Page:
Pull the meter
    Take the house side loose
    Tear out old service and reinstall new service
    Set the new meter base beside the old meter base
    After the install run a jumper wire from the new meter base to the old meter base and plug the meter back in.
    Call for inspection
    After the inspection POCO will connect the new service riser and then we come back and take down the old one


    With the new meter pan you will need to put up new wires to feed the box. You need to look at the height requirement. These will be wired up as normal.

    There “jumper” would be tied with the wires feeding the house in the bottom of the pan.

    As far as having to pull the old wires out of the breaker box where there live is something I would not do. Having to install the “jumper” into the new pan where there live is something I would not do. You have to remember that the only fuse to protect you would be the one that feeds the transformer.

    If you can live off a generator for a day then try thinking about this.
    Cover the incoming wires in the old panel with a leather glove and some tape; this will give you some protection form live power.
    Turn off the main breaker and pull out of all the old wiring and breakers.
    Remove the panel of the wall and tie it out of the way.
    Mount new panel.
    Wire everything but the new feeder wires.
    Use a large breaker off the old panel to your new panel using the main breaker.
    Call and get the power cut at the poll.
    Remove old meter pan, feeder wires to old panel board, and the feeder wires up the house.
    Install new meter pan and wires.
    Call for you inspection and they will call the POCO if it is up to code for a reconnect.

    Either way you do it if you don’t pass the inspection then no power and you might have to get a pro to fix it before a new inspection.

    *** In any way shape or form would I suggest this to anyone; but it is just something for you to think about. *** Just covering my as.

  8. #8
    In the Trades Bob NH's Avatar
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    I recently did an upgrade, QO 100 to QO 200, and it was pretty easy. You can adapt the ideas to your own setup. Steps as follows:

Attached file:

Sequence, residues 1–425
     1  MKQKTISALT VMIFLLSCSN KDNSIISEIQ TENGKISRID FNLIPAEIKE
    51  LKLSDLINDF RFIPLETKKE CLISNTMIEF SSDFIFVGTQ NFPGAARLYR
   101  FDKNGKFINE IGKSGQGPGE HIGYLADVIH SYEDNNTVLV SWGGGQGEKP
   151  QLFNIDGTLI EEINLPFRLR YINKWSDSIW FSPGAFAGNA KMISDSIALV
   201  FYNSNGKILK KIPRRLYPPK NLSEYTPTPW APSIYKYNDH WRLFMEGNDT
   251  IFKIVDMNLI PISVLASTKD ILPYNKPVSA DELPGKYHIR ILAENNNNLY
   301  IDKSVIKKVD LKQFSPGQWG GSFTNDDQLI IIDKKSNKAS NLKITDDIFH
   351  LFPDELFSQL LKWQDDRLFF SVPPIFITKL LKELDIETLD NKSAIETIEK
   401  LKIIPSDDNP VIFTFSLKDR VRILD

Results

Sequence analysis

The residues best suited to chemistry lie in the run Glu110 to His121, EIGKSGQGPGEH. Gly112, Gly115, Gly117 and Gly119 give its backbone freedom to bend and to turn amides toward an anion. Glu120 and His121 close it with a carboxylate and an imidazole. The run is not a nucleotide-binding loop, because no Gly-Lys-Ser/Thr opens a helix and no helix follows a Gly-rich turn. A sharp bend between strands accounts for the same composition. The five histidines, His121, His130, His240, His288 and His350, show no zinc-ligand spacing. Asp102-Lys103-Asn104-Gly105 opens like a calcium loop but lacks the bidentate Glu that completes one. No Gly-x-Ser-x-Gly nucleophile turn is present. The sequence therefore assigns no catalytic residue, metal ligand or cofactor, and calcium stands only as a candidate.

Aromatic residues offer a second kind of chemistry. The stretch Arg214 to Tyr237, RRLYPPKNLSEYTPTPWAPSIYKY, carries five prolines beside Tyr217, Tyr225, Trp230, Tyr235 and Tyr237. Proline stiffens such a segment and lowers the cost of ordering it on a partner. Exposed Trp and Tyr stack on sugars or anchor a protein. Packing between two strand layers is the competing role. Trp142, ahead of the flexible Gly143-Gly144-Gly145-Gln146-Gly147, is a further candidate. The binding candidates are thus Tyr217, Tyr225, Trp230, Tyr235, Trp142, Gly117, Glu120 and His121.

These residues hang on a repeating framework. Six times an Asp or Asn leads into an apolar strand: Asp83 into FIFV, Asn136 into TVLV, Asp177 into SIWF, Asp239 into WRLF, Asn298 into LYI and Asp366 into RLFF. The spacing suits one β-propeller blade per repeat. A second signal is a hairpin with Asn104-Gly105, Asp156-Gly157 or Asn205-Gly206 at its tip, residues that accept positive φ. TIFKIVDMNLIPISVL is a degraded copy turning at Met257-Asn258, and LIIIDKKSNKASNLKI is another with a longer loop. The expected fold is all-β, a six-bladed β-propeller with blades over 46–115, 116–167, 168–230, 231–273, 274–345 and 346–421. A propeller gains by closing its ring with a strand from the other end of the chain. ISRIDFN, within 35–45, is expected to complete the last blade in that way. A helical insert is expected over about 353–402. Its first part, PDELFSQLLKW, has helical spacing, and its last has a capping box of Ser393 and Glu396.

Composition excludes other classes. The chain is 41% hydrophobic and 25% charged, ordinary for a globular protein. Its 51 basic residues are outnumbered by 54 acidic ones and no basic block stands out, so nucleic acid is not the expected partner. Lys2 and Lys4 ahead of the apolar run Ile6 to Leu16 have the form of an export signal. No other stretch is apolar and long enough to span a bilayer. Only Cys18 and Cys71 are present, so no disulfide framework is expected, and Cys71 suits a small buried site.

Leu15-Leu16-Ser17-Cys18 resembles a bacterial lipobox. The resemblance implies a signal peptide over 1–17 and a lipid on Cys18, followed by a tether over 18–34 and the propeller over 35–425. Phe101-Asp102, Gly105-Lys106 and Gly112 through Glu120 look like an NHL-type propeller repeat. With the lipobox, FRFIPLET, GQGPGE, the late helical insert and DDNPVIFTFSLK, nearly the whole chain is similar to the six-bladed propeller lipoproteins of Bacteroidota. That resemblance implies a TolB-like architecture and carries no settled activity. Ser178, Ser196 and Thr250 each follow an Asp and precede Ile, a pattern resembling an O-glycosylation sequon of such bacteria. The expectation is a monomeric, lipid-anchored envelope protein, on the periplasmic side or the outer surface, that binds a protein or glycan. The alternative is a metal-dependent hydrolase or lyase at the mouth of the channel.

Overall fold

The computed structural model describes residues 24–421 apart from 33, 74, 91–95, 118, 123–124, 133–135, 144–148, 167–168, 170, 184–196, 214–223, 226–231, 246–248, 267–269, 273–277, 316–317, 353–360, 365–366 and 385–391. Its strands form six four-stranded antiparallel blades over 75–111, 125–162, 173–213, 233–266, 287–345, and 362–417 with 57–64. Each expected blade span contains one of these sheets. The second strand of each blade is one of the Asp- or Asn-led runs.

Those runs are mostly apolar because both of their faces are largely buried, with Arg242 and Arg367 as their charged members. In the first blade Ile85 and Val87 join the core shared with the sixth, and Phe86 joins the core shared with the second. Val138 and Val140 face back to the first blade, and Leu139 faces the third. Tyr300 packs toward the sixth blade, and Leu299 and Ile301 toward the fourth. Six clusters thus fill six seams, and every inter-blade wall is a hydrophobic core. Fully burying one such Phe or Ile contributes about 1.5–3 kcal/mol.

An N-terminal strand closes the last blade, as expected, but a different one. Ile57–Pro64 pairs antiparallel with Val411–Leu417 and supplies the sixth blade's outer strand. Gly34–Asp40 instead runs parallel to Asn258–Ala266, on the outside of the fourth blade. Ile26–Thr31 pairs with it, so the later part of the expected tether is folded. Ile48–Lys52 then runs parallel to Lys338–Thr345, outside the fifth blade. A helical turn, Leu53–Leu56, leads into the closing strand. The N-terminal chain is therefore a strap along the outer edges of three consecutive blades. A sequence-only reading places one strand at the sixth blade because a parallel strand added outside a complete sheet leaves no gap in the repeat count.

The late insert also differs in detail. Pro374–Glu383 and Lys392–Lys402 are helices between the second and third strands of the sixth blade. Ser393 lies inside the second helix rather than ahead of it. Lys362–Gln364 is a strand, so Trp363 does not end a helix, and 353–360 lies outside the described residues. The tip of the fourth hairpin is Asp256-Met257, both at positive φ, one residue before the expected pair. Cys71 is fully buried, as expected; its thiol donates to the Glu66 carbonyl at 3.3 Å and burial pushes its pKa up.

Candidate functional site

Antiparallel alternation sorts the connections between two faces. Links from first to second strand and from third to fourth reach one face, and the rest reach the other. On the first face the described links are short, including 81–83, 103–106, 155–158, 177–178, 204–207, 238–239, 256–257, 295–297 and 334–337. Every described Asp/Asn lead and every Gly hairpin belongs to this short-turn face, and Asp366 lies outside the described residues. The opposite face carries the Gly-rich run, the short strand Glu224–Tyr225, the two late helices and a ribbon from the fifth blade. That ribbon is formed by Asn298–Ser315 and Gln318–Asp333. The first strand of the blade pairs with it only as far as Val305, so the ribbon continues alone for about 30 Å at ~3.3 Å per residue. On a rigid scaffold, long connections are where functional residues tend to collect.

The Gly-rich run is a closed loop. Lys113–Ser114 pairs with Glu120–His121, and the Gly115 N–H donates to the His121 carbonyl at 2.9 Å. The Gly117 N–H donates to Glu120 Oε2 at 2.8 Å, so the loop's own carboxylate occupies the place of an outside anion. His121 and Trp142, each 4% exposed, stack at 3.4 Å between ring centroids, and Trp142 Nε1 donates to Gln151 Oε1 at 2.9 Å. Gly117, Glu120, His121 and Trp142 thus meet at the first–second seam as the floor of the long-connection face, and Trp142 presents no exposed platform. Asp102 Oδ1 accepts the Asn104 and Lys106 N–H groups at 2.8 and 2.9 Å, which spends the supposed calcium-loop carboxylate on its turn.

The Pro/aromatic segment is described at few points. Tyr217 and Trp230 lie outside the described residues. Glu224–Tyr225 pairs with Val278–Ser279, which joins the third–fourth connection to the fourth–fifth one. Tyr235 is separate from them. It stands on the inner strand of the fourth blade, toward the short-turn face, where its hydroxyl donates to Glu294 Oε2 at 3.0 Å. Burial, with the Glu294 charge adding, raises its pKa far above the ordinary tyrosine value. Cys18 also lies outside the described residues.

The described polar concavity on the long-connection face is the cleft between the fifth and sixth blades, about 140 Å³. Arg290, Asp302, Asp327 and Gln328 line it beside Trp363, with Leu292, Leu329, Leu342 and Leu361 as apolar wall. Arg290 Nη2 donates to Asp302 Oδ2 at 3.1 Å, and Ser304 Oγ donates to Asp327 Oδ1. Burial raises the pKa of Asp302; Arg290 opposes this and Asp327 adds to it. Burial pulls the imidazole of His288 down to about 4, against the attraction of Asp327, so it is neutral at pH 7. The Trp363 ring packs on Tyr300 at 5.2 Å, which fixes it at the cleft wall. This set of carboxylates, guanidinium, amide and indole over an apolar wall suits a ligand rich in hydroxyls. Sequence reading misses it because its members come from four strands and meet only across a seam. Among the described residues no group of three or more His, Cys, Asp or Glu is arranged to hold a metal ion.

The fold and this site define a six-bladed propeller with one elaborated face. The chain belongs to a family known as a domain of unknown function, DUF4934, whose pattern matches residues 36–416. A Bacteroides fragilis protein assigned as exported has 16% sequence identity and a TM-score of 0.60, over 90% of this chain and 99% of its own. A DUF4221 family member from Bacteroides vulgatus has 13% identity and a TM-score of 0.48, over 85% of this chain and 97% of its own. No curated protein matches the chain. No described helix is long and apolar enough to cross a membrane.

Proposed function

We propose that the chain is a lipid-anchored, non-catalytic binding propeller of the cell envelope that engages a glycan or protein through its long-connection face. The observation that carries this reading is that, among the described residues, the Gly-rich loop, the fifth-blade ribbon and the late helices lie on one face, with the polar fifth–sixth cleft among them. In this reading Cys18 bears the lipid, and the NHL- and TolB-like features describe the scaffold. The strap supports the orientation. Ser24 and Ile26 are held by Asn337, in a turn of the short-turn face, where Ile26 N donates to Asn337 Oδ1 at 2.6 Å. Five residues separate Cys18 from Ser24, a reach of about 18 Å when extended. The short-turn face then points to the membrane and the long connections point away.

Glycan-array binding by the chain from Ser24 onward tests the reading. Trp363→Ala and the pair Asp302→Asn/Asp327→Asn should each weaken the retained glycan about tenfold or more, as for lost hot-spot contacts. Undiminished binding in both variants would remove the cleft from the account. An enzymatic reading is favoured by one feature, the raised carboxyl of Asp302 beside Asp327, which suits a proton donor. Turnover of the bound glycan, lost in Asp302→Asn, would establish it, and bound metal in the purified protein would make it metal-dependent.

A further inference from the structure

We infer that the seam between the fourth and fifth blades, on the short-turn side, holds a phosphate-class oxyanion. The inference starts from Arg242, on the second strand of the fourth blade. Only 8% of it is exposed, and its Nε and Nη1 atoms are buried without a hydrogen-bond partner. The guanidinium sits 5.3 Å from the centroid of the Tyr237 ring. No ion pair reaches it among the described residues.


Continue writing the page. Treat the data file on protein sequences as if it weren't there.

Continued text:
1. Installed the new 200 amp panel as close as possible to the old.
    2. Connected 100 amp cables from lugs on the bus bars of the old panel to the main of the new panel. I was able to attach to the bus using #2 lugs (from HD) after turning off the old main.
    3. Moved circuits from old panel to the new panel. At this point the new panel was being served through the old meter and the main of the old panel.
    4. Laid out where the new meter would be mounted and ran 2" PVC conduit from the new panel to the point where it would hit the back of the new meter socket. You could use SE cable in most jurisdictions as it was all inside.
    5. Ran the new Grounding Equipment Conductor to the Grounding Electrodes.
    6. Preassembled the new meter socket with 9 ft conduit and weatherhead, and put 4/0, 4/0, 2/0 Al conductors in the riser conduit.
    7. Arranged with neighbor for extension cord power for tools.
    8. Scheduled changeout day with power company and electrical inspector. Already had permit. POCO representative gave permission to cut meter seal, because I already had permit from them.
    9. On day of changeover; at 7 AM, cut the old service drop on my side of connectors using a pair of Fiskar pruning loppers with fiberglass handles. This was the only hot work, and not at all hazardous.
    10. Removed meter and old meter socket and service drop. Removed old panel and temporary connections.
    11. Installed new meter socket with riser where it had been laid out.
    12. Connected preinstalled conduit from meter socket to panel.
    13. Ran conductors from load side of meter socket to panel. It helps to have a meter socket with "lay-in" terminals and removable internal shields. Completed this at about 9:15 and called electrical inspector for inspection.
    14. Inspector arrived about noon, approved the installation, and called the POCO for reconnect.
    15. POCO arrived at 12:45 and reconnected.